Digital Geography

Short Announcement: OpenWhateverMap

Choosing a basemap for your cool web map is always crucial for the style and perception of your map. A colorful basemap like watercolor might be stunning but also interfering with your data visualization. In contrary a grayish basemap might look a bit boring but your data visualization will be crucial. If you’re unsure and a playful type of developer: Use OpenWhateverMap!

ArcGIS Online (AGOL) for free: The Developer Way

You might have heard of ArcGIS Online (AGOL) already: ArcGIS Online is a complete, cloud-based mapping platform. Make and share beautiful maps, and do everything in between. It’s possible only with ArcGIS Online, a scalable and secure software-as-a-service hosted by Esri. But as there is nothing for free in this world the usage of ArcGIS online with all capabilities (batch geocoding, hosted feature services, app creation, etc…) will cost some money, aka credits, as well. If you use the developer program of Esri you can use almost everything from AGOL as you will receive 50 credits for free every month!…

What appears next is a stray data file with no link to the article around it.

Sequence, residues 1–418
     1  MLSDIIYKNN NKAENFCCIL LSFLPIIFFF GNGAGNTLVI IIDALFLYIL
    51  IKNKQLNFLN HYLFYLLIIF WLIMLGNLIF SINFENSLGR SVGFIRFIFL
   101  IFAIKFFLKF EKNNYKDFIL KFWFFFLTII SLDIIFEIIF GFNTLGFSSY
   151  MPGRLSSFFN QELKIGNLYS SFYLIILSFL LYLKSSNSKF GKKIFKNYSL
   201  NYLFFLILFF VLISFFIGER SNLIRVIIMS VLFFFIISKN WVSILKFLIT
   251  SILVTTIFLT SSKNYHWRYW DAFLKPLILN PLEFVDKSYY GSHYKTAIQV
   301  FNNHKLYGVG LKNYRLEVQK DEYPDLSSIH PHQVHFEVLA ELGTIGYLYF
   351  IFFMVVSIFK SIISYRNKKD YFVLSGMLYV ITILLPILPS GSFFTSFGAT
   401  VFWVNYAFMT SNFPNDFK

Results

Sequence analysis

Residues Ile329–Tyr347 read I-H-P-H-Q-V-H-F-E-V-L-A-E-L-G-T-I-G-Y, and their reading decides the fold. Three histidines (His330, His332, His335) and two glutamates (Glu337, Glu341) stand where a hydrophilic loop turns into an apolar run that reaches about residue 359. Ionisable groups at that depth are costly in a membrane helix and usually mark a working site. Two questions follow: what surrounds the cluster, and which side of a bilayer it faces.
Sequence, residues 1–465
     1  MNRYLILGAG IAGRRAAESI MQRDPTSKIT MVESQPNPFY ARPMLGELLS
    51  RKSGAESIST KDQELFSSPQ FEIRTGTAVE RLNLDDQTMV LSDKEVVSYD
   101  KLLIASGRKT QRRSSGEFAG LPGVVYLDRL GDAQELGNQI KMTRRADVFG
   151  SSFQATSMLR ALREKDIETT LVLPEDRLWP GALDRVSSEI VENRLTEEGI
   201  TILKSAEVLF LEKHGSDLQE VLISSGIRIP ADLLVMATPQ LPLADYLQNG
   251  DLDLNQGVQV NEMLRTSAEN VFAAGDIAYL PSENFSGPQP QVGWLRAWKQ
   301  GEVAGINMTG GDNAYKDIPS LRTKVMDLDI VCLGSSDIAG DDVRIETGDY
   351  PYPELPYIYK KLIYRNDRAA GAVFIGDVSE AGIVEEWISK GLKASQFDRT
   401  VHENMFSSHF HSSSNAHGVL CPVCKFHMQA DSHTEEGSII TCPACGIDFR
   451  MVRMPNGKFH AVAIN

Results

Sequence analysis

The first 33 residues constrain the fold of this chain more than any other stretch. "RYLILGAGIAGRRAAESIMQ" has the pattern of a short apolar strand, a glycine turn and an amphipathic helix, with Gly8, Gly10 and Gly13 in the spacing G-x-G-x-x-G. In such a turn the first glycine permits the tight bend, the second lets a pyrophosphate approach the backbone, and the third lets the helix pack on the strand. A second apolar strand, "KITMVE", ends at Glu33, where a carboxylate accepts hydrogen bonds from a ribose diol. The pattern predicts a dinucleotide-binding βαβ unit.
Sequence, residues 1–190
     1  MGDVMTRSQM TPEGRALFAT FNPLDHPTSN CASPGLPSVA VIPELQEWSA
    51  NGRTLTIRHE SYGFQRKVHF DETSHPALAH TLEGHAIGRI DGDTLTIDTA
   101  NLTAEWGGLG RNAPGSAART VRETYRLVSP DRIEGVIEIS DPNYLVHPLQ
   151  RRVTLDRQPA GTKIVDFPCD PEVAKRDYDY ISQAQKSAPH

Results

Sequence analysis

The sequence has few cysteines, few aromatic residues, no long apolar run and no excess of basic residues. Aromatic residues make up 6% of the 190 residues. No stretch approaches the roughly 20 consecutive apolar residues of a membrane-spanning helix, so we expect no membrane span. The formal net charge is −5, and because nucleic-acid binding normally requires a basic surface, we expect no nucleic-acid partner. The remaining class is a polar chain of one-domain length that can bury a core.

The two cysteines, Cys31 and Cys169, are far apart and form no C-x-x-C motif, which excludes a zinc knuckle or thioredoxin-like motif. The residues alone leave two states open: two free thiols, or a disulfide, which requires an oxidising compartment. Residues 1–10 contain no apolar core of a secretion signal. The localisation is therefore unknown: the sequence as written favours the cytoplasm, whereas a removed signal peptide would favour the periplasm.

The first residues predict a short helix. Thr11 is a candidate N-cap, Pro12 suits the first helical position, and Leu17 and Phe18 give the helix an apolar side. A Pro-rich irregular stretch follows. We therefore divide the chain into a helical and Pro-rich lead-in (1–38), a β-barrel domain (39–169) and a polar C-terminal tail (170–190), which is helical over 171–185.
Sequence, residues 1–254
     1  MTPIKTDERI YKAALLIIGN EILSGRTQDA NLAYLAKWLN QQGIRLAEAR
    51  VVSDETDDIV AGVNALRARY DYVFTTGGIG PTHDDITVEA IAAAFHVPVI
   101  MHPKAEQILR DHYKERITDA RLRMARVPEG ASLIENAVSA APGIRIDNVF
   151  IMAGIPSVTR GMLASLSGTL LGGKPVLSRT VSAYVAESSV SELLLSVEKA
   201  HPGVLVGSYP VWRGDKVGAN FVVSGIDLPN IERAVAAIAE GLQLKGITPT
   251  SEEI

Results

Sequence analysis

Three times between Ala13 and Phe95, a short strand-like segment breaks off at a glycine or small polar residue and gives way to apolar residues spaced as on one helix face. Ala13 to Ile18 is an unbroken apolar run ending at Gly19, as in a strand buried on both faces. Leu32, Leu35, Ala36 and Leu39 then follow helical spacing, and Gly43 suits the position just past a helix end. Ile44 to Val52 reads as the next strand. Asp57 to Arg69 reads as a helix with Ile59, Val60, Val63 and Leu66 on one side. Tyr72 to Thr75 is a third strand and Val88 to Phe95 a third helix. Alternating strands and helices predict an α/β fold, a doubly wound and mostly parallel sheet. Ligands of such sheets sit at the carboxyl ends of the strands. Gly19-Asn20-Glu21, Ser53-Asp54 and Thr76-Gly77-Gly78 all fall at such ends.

Create Bounding Boxes without Desktop GIS

Bounding boxes are crucial for a lot of geospatial projects: wether you need to limit the extent of your web mapping application or need to cut your research data to the area of interest, bounding boxes are used everywhere. Here is a nice little tool from Klokantech that helps you generating bounding boxes in a variety of formats in your browser, without even opening your desktop GIS.

Isochrones in Webmaps: Three Approaches for Leaflet

As we are thinking more or less specially I always ask myself: where can I be in the next 30 minutes? Most of current webmaps out there are not answering this quite good using isochrones as example. Most of them taking into account the direct distance which have some major implications if you compare the distance of 30min road trip through the countryside compared with the same time in Paris: about 50km against , right? So I would like to show you, how to get a better idea of reachability using three different approaches but all implemented in Leaflet.